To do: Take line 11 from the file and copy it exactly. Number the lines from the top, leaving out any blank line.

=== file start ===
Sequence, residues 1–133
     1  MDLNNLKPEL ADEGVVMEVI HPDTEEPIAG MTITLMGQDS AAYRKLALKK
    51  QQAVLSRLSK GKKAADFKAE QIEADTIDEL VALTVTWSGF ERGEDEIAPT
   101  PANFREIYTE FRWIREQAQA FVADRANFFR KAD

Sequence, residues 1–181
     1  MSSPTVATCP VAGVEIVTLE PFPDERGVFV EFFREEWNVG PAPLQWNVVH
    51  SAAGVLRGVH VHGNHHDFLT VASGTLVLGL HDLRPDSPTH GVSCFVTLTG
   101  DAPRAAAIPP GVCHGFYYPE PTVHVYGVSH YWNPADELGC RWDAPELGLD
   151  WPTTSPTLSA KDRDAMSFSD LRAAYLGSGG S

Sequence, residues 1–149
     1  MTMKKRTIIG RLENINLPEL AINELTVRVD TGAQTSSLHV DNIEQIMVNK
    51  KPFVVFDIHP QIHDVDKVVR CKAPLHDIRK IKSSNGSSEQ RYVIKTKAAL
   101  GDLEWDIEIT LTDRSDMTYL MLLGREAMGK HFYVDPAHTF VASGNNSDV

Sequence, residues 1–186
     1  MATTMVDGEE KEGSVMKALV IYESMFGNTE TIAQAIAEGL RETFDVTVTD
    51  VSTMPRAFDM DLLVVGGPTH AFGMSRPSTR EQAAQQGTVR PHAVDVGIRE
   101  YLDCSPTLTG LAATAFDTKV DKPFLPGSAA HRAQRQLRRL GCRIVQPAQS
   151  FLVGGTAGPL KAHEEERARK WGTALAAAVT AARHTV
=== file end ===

     1  MTMKKRTIIG RLENINLPEL AINELTVRVD TGAQTSSLHV DNIEQIMVNK